Holder Makes Change in Seizure Policy

Update: I should have waited to read the fine print in the actual directive. This is much less a reform than the press release promised. I'll update soon. The directive is far too vague, has too many exceptions, and states it it is prospective only.

Original Post

AG Eric Holder has put a big dent in the equitable sharing of money, property and car seizures between local cops and the feds. It's the first I'm hearing about it, and it's going to affect a lot of cases.

Attorney General Eric H. Holder Jr. on Friday barred local and state police from using federal law to seize cash, cars and other property without proving that a crime occurred.

Holder’s action represents the most sweeping check on police power to confiscate personal property since the seizures began three decades ago as part of the war on drugs.


Here is the press release:

Today, Attorney General Eric Holder issued an order setting forth a new policy prohibiting federal agency forfeiture, or “adoptions,” of assets seized by state and local law enforcement agencies, with a limited public safety exception.

...The Attorney General ordered that federal agency adoption of property seized by state or local law enforcement under state law be prohibited, except for property that directly relates to public safety concerns, including firearms, ammunition, explosives and property associated with child pornography.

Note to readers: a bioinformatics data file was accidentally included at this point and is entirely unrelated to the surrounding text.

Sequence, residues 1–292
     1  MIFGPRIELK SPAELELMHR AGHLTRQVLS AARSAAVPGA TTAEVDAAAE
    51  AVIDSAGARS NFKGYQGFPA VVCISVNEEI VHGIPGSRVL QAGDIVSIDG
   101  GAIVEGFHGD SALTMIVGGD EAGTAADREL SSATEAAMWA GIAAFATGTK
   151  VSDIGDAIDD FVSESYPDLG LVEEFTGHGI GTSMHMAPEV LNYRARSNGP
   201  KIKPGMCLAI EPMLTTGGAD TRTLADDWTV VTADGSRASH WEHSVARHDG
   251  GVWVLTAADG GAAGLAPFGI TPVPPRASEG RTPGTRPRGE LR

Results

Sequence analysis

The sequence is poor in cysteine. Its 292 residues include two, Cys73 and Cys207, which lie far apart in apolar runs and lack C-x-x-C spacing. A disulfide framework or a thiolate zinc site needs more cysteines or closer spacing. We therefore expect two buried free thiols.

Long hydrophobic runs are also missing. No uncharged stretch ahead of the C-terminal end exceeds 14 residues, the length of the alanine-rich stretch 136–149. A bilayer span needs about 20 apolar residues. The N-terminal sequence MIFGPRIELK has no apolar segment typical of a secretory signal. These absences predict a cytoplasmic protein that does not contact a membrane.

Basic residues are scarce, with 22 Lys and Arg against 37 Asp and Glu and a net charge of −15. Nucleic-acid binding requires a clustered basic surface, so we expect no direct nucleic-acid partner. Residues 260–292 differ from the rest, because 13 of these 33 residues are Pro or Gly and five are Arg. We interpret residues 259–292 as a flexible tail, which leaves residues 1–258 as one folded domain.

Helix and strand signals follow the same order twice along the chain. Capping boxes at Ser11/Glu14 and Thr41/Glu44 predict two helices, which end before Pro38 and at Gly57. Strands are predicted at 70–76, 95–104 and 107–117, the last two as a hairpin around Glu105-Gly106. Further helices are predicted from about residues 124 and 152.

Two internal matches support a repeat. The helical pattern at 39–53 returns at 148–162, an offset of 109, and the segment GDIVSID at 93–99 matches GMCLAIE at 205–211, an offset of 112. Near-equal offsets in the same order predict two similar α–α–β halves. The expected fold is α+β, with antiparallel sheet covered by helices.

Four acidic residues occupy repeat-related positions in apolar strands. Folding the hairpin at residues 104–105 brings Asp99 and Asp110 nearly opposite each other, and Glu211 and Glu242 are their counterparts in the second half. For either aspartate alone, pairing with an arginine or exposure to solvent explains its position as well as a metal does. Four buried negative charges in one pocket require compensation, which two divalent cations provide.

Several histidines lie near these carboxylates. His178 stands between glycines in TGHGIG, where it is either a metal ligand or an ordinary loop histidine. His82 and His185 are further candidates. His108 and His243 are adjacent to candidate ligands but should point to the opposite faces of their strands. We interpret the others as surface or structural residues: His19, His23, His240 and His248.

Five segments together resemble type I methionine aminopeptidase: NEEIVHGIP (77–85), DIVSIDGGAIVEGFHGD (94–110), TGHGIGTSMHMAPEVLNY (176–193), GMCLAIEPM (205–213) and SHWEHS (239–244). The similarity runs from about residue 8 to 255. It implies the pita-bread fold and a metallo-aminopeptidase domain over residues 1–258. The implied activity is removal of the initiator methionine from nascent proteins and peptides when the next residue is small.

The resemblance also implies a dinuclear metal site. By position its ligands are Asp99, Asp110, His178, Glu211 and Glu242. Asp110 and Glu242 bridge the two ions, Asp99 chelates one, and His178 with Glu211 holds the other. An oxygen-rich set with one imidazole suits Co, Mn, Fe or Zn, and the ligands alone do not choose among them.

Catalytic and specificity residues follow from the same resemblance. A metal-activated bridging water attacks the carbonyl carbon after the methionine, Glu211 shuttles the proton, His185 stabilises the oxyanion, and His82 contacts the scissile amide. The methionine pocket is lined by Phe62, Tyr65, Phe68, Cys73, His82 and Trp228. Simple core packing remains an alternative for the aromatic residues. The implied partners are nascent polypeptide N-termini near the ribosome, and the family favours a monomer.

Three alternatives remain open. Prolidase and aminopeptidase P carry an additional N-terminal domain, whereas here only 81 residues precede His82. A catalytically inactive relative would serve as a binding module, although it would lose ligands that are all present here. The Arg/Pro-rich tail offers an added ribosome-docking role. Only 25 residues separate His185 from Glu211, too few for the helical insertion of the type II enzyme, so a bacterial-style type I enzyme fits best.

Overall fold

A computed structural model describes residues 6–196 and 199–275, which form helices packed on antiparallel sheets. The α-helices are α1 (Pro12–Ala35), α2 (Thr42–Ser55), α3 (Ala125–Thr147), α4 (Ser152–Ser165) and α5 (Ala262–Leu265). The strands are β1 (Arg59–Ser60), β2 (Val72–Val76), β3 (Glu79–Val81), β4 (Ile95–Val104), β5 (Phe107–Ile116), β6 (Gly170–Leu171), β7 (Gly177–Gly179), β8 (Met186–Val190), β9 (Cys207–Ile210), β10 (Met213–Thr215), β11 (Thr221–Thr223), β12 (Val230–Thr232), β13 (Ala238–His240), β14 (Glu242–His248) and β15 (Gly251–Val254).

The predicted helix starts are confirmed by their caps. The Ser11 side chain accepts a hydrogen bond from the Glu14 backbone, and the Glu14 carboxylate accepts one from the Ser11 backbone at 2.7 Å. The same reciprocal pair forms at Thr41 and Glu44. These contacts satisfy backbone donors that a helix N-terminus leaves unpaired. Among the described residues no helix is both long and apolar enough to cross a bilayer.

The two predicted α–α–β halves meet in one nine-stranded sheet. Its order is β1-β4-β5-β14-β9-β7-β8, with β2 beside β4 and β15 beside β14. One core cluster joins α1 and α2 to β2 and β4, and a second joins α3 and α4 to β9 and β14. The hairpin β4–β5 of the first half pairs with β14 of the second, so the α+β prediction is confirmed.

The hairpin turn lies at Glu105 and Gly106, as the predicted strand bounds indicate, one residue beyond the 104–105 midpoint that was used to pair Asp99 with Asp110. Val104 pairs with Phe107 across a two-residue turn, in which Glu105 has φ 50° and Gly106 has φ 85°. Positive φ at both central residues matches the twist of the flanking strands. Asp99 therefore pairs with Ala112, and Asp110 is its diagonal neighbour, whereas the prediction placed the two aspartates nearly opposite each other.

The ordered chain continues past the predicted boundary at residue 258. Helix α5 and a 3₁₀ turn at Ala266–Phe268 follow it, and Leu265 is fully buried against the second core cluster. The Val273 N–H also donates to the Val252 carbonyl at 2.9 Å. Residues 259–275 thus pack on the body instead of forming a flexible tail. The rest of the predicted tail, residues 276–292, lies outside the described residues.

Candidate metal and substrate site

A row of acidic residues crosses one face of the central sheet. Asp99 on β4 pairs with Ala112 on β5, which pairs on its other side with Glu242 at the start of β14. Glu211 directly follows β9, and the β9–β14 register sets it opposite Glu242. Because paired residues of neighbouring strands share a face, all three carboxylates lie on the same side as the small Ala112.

The prohibition on federal agency adoption includes, but is not limited to, seizures by state or local law enforcement of vehicles, valuables, cash and other monetary instruments.

This order is effective immediately and applies to all Justice Department attorneys and components, and all participants in the Department of Justice Asset Forfeiture Program.

I hope this also covers pending equitable sharing cases already filed with the federal courts but not yet decided.

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  • Display: Sort:
    This is such good news (5.00 / 3) (#1)
    by CaptHowdy on Fri Jan 16, 2015 at 06:06:59 PM EST
    this, to me, was the most vile and evil part of the drug war.

    Not the most vile or evil. (5.00 / 1) (#12)
    by FlJoe on Sun Jan 18, 2015 at 04:58:59 PM EST